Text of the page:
11 September 2017 - Te wiki o te reo Māori (Māori Language Week) is here.
This year, Rotorua has taken the leap of becoming the country’s first bilingual city and district.
But, what does that mean?
Te Tatau o Te Arawa chair, Te Taru White, says the declaration to become a bilingual city is a reminder for everyone living in Rotorua to think about how they want to support the language.
“Bilingual Rotorua is not only about seeing more Māori words around town. This concept is a conscious reminder that each one of us has a responsibility to protect taonga (treasures) that make Aotearoa unique. One of those taonga is in fact te reo Māori. Becoming a bilingual destination is about us as New Zealanders, looking at how we can support and protect the language from extinction,” he says.
In recognition of Māori Language Week, Mr White says there are many ways people can give te reo ago.
“It’s as simple as making it a conscious habit to pronounce Māori words correctly or by learning a new word each day. For businesses, it may be as simple as saying kia ora to each other. People can also support Te wiki o te reo Māori by learning about the meaning and stories behind place names such as Tūtanekai or Hinemoa. People need to remember being a bilingual city is about lifting words off the page and helping people live their reo Māori journey,” he says.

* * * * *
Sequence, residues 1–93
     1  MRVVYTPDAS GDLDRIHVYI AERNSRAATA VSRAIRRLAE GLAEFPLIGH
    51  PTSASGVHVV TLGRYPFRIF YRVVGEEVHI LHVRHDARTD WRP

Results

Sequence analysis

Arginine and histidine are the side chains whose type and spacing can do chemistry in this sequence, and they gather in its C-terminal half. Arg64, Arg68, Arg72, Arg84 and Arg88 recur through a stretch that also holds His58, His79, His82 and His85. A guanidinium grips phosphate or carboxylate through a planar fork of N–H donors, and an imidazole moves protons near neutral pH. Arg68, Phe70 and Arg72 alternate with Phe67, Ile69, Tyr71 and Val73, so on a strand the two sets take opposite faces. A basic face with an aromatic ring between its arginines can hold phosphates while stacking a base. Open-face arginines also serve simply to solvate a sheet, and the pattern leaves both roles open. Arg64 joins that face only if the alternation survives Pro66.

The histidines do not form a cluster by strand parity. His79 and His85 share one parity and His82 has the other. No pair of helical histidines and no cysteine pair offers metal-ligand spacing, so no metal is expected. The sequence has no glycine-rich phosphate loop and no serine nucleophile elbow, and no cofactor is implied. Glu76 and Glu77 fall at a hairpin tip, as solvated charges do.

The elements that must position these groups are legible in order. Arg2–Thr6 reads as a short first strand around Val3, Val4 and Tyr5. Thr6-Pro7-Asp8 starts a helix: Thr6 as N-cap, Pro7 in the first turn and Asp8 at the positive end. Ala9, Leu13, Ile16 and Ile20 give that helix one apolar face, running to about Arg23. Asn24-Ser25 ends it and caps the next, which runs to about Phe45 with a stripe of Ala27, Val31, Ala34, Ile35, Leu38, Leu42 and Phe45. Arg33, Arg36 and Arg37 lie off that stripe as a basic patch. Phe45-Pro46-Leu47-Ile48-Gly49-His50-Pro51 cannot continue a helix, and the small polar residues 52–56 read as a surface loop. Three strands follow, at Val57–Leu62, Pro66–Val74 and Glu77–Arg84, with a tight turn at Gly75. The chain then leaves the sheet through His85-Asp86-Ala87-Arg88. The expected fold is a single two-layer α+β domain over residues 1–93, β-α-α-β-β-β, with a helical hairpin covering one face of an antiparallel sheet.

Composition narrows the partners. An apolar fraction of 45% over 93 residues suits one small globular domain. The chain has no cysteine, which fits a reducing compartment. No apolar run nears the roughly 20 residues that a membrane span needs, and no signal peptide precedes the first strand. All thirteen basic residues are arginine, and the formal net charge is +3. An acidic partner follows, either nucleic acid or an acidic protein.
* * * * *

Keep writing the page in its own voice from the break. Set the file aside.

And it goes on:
Mr White encourages everyone to give te reo a go.
Te Tatau o Te Arawa board represents the diverse voice of Te Arawa and provides advice to Rotorua Lakes Council under their joint partnership agreement, which was signed in 2015.
Te Tatau is leading the Bilingual Rotorua – Reo Rua initiative and is in the process of developing a business case with support from Te Puni Kōkiri.
Here are a few resources to help you on your Māori language journey:
If you hear a Māori word and want to know what it means, check out the online papakupu (Māori dictionary)
Are you considering adopting bilingual signage? Take a look at this best practice guide on the Te Puni Kōkiri website.
Keep an eye on Council’s Facebook page for helpful tips and kupu hou (new words) to help you on your personal te reo Māori quest